Senator Patrick J. Leahy (D-VT), the Chairman of the Judiciary Committee, was the sponsor of S. 1132. With the active support of the Judiciary Committee’s Ranking Member, Senator Jefferson B. Sessions III (R-AL), the legislation was favorably reported by that committee in March of this year and passed by unanimous consent in May.
“I want to express my deep appreciation to Chairman Leahy and Majority Leader Hoyer for their commitment to this issue,” Canterbury said. “Both of these gentlemen are FOP champions who worked very hard, first to win passage in the Senate and then to get the bill on the calendar for action in the House before the end of the regular session. They deserve a lot of the credit for today’s victory.”
The House companion bill, H.R. 3752, as introduced by Representative J. Randy Forbes (R-VA) and championed by Representatives Steny H. Hoyer (D-MD), the House Majority Leader, and Lamar S. Smith (R-TX), Ranking Member of the House Judiciary Committee. Representative Robert C. Scott (D-VA), Chairman of the Subcommittee on Crime, Terrorism and Homeland Security and an opponent of the original LEOSA, had previously announced his intention to hold the bill in subcommittee, which would have killed the bill for the year. FOP members in his home State and District, as well as continuous contact with the FOP’s Washington staff and personal contact with Chairman Leahy eventually prevailed on Rep. Scott to release the bill for a floor vote.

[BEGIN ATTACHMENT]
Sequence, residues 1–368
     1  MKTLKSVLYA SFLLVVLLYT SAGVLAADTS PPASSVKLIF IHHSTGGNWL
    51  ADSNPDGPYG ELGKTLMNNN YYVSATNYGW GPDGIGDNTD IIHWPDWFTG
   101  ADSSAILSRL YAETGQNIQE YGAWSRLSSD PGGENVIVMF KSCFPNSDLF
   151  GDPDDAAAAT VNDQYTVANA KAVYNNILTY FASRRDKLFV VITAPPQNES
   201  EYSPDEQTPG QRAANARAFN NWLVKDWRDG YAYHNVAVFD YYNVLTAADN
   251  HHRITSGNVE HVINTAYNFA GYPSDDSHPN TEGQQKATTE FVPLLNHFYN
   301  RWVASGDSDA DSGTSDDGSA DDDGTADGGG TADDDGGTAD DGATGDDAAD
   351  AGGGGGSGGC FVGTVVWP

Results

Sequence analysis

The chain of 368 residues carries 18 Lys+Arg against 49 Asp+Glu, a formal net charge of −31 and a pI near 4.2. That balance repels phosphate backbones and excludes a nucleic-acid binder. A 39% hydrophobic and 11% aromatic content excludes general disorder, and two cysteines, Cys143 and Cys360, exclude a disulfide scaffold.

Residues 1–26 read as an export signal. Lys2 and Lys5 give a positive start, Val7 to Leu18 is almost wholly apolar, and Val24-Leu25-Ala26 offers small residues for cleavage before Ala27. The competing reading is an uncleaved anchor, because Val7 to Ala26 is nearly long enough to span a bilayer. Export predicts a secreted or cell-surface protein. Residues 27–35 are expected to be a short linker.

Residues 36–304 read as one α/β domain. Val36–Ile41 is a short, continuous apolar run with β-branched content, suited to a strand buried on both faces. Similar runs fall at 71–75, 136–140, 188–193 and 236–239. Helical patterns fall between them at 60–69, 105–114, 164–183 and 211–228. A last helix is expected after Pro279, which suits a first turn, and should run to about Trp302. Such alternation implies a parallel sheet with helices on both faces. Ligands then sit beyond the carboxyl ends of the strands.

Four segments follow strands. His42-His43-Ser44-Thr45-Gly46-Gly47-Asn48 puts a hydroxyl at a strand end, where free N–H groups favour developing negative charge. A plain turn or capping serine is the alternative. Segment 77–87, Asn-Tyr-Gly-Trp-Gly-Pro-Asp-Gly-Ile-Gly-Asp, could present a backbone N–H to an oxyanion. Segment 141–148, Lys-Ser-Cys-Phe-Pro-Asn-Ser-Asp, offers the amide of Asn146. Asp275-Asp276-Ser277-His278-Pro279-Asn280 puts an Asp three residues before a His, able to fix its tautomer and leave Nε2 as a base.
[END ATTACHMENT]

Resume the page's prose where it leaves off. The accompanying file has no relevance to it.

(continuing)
“Many of our retired officers are facing significant hurdles because some States have failed to implement the law as intended by Congress. This bill, which the President has promised to sign, will help them overcome those obstacles,” Canterbury said.
The bill, which was crafted in large part by the FOP, was given a high priority by the organization. No other law enforcement organizations or police groups took played any role in its successful passage despite intense interest in the bill on the part of active and retired officers. The legislation will improve certain provisions of the Law Enforcement Officers’ Safety Act (LEOSA), especially with respect to retired law enforcement officers, and will make clear that law enforcement officers employed by the Amtrak and Federal Reserve Police Departments, as well as those employed by the executive branch of the Federal Government who are classified as a GS-0083 branch–especially the U.S. Department of Defense–meet the definition of “qualified law enforcement officer” in current law. The bill would also lower the aggregate years of service needed to meet the definition of “qualified retired law enforcement officer” from fifteen (15) to ten (10) and removes confusing language related to that same definition.
The bill will be transmitted to the President to be signed into law.